Theatre suffering from growing pains

Griping and gossip are as much a part of the theatre as dropped lines at dress rehearsal and stage fright on opening night. Theatre Lac Brome is no exception.

The summer season of 2017 seemed especially prone to carping within the Knowlton community and beyond. Patrons criticized the program, saying it was too serious, or too fluffy, for summer stock. They complained about too much French entertainment, or too much English.

They decried a lack of local creative input, local content, local performers and local troupes. They offered dire opinions about why the popular Fall Fling fund raiser was cancelled. In the blanket critique of the past program, there was as much drama in the small town air as anywhere near the stage.

In a piece filed to the Tempo website, longtime theatre Artistic Director Nicolas Pynes attempts to address the issues. He writes of two winters of renovation, “overhauling infrastructure, electricity, plumbing and ventilation, and the construction of a modern and dynamic lobby,” allowing the arts in Knowlton to enter “a new era….” What remains to be determined is how to balance programming, appealing to the expanding audiences interested in music and French language theatre with the English language programming that is traditionally the principle activity of the theatre.”

In a separate email sent from London, England, where he is trying to vacation, Pynes admits he will “never satisfy the entire community.” He says the 2017 season did not meet all his hopes and expectations, either, but he has learned to “be modest” in those expectations. He paraphrased comic Larry David, who asked how can anyone in the First World complain? “We are trying to provide an opportunity for everyone.”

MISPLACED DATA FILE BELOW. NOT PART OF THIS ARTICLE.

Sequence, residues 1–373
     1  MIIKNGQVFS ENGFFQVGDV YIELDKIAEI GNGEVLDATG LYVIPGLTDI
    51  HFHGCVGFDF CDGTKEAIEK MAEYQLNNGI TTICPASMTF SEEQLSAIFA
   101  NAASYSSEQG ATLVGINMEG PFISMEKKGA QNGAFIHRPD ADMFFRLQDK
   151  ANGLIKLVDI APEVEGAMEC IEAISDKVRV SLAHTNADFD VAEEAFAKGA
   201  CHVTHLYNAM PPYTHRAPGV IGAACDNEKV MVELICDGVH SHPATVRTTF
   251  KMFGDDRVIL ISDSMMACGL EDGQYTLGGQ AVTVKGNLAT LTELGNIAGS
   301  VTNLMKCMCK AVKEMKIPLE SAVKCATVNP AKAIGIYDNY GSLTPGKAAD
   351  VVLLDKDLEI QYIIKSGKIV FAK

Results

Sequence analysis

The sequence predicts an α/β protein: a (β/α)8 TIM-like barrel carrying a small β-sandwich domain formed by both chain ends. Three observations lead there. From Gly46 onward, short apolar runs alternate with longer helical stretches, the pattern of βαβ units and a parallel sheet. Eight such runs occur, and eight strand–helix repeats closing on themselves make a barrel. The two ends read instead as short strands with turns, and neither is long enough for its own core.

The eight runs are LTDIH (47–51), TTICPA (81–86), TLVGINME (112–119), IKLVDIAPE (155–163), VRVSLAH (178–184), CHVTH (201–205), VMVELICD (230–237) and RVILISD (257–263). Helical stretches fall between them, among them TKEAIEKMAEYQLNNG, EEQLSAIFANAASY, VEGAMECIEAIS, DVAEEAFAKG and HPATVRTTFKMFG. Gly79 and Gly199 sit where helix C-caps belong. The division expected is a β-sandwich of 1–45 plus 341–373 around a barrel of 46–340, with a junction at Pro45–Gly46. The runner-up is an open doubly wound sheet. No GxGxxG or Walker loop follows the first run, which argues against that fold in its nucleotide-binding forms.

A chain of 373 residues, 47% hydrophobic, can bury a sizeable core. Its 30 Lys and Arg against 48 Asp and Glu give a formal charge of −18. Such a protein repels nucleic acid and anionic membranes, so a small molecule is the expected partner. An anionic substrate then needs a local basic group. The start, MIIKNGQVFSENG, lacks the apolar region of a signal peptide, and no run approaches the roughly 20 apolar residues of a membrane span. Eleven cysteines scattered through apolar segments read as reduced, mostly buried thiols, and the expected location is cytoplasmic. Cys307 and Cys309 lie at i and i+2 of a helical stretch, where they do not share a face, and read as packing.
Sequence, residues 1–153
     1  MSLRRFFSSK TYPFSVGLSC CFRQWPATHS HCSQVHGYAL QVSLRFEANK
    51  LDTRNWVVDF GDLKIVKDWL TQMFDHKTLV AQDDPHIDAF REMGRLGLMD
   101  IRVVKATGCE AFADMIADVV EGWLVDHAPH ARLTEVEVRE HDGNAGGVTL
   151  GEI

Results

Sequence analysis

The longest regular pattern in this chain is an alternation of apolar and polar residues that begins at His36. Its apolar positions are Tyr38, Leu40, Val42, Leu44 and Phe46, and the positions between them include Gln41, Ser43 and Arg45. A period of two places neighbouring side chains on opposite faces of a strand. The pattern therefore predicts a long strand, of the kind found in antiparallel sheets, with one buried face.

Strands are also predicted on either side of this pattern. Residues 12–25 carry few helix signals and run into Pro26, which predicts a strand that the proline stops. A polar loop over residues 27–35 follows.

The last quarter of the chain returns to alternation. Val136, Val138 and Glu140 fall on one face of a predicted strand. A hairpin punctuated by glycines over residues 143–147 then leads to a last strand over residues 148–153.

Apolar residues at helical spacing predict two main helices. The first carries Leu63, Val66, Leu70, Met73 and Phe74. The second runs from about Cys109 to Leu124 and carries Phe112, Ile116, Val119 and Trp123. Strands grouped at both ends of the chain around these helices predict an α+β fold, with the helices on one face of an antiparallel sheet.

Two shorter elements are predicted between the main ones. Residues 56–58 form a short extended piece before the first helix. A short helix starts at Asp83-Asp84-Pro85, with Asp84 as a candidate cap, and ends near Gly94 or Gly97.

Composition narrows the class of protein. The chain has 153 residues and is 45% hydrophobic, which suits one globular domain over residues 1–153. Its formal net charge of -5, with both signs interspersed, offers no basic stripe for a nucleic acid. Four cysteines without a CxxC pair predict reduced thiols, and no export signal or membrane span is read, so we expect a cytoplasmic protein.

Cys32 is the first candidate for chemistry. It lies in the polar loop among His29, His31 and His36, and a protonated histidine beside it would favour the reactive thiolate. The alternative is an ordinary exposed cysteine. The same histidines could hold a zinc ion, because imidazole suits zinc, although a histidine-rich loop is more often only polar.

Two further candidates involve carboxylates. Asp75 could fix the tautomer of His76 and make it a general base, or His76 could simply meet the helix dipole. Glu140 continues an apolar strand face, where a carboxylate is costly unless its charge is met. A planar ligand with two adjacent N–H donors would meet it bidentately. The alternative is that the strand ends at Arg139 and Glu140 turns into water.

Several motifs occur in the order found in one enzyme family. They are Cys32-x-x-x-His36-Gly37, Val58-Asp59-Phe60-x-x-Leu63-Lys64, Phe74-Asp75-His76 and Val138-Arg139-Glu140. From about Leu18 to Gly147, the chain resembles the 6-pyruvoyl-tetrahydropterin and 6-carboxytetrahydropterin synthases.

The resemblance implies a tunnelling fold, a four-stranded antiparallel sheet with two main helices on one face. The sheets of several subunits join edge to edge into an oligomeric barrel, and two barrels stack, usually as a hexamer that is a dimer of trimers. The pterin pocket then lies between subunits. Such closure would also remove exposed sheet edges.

Because this was the first season with the new lobby, the few events held there were something of a trial run. He promised many more all year long, and incoming Artistic Administrator Philippe Mercier has already hit the ground at a crisp trot with his confirmations for the late fall and winter musical line-up.

During a recent phone call the veteran artist manager and concert promoter announced bluesman Harry Manx will play Dec. 8. Juno- winning jazz singer Emilie-Claire Barlow is set for the next night.

He emphasized community input as the venerable Knowlton Players take the stage for eight performances of Andrew Lloyd Webber’s Joseph and the Amazing Technicolor Dreamcoat in November, and stagings of the holiday favourite The Nutcracker with L’Ecole de ballet Sutton, Dec. 16 and 17.

To this list Mercier also added Quebec singer-songwriter Kevin Parent, Feb. 24, France D’Amour, March 31, the legendary Montreal rocker Michel Pagliaro, May 5, and the incredibly talented, Gregory Charles, June 2.

Oh, and the Fall Fling? It’s not cancelled, just postponed for scheduling reasons. Expect it to take place sometime in the com- ing months, when Mercier promises a fundraiser “better than ever.”